CPH PATTERN AVAILABILITY

************* THIS JUST IN *************
Lisa Shroyer, editor of Knitscene magazine, has compiled a book entitled The Best of Knitscene, featuring a "reworking of Heather Lodinsky's "Central Park Hoodie" [Yarn Market News, January 2012], available from Interweave Press. The links below take you to the pages for the paper version and the eBook version.

Paper [144 pp, paperback, $24.95]

eBook [144 pp, PDF, $19.95]

The book includes 20 of the most popular knitting patterns from the first five years of Knitscene magazine, including Connie Chang Chinchio's Geodesic Cardigan and Katie Himmelberg's Phiaro Scarf. The offerings vary widely from mitts, hats, socks and scarves to vests and sweaters, in addition to providing tips and designer profiles.

**************** UPDATE ****************
PATTERN AVAILABLE NOW!!! :-)
The pattern for the CPH is now available
for purchase from Knitting Daily as a downloadable PDF! The pattern includes expanded sizing for PLUS sizes—52", 56", and 60"!

The Knitting Daily Blog has featured the CPH in some posts:
The CPH--PLUS!
The CPH--Which Size to Knit?
The Finished Plus Size CPH
The CPH Plus Size Gallery

If you receive the Knitting Daily email, you already know that the CPH is the NUMBER ONE best-selling pattern in the KD Online Store!


Wednesday, March 28, 2007

Frogging and sleeve enlargement

I forgot to turn one of the cables last night. I noticed it after finishing the cable turning row. The forgotten cable was at the beginning of the back. Without giving it enough thought I decided to knit on and turn the cable on the next wrong side row. I did that and knit two more rows. Meanwhile I began to question my logic and an inspection of the errant cable convinced me to frog back and do it right.

Noone would have noticed but me, but the cable was always going to annoy me, so I did the right thing.

I am contemplating various methods of enlarging the sleeves but haven't decided on one yet. I need to read the Knitty.com articles on sleeves in depth. But right now I think if I bind off two extra stitches for the arm holes and add two extra stitches to the sleeves themselves the shoulders will be a bit narrower (ok since my shoulders are narrow) and the sleeves will be 1/2 inch larger in diameter.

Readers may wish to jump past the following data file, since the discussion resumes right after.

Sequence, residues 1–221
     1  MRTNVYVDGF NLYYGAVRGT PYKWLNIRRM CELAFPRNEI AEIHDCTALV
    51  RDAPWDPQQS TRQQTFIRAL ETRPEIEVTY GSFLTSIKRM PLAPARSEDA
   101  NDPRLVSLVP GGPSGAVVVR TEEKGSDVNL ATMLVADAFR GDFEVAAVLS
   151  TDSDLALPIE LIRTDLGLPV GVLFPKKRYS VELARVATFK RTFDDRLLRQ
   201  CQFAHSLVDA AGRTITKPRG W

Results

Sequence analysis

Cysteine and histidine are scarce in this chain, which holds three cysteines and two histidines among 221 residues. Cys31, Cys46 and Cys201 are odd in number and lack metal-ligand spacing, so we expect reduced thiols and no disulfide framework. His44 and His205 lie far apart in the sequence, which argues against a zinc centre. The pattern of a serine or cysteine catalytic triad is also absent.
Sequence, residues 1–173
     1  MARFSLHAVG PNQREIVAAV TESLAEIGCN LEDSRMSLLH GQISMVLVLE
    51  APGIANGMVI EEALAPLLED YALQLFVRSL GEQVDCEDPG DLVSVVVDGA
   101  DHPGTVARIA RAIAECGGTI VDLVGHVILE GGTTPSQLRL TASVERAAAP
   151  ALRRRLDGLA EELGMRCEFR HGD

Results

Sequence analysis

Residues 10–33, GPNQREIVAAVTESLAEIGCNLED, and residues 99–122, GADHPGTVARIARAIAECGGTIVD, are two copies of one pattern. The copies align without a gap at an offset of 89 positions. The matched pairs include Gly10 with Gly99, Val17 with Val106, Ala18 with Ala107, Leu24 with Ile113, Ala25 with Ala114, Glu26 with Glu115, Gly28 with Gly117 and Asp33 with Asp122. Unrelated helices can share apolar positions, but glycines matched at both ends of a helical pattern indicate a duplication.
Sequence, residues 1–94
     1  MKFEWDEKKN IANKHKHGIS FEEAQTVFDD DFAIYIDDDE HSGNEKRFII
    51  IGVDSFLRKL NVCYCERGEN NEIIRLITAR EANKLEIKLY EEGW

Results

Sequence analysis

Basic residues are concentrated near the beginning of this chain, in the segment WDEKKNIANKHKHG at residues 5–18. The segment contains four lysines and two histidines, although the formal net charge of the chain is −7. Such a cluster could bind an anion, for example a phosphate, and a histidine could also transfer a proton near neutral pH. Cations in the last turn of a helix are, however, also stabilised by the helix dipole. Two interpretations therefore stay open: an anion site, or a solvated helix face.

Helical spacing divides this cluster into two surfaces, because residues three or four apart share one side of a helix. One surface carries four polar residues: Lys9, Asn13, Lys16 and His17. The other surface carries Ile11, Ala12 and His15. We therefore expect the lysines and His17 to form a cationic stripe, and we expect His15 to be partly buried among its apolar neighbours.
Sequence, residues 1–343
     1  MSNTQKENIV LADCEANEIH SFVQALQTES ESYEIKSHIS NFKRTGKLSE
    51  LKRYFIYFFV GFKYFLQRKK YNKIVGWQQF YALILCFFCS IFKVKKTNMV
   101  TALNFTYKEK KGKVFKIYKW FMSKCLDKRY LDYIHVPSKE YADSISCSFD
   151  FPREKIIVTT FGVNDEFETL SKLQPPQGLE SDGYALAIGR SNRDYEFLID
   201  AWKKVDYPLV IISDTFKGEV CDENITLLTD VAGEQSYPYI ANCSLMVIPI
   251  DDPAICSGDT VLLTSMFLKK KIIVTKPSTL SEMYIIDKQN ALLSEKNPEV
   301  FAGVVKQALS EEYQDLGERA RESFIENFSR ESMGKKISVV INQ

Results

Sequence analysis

Does it seem like this would work?

2 comments:

Lara said...

re: sleeve enlargement....

I thought my sleeves were going to be way too tight as well based on everyone's posts here, so when I made my first sleeve, I increased 2 additional times... so I had four more stitches than the largest size of the pattern. It seemed to fit my arm well (I was knitting the sleeves in the round, so I could try them on easily), and I just incorporated a few more decreases into the sleeve cap to get back to the right number eventually.

However, when I blocked the sleeve and then seamed it to the sweater, the sleeve was WAY too big and actually way too long as well (even though I used the measurements of the pattern).

Eventually I decided it would bug me too too much so I tried to frog, but it was too difficult. Ended up just cutting through my knitting right above the last increase I actually wanted (went back to the original number of the pattern) and now I'm knitting it again from that spot. I have plenty of yarn but I suppose I'll pull out that sleeve cap if I need to - otherwise it's just sitting in my knitting bag. :)

All this to say... additional increases seem like a good way to make the sleeves bigger if that's what you need. :)

Carrie said...

Hmm I'm trying to make my sleeves bigger too.. but I'm also extrapolating up a size from the last printed size. I am only on the back at the moment, but I did one extra bind off and one extra decrease. I hadn't thought about that being narrower through the shoulder though. First time I've done this :) I was also going to do four extra increases in the sleeve.

I'm not weaving in any ends until I've basted everything together and tried it on though, that's for sure!